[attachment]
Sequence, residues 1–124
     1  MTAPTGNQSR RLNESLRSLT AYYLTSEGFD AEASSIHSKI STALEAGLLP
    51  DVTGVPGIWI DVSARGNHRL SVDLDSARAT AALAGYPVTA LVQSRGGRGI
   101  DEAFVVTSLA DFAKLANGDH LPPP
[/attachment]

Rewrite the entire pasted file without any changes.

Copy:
Sequence, residues 1–124
     1  MTAPTGNQSR RLNESLRSLT AYYLTSEGFD AEASSIHSKI STALEAGLLP
    51  DVTGVPGIWI DVSARGNHRL SVDLDSARAT AALAGYPVTA LVQSRGGRGI
   101  DEAFVVTSLA DFAKLANGDH LPPP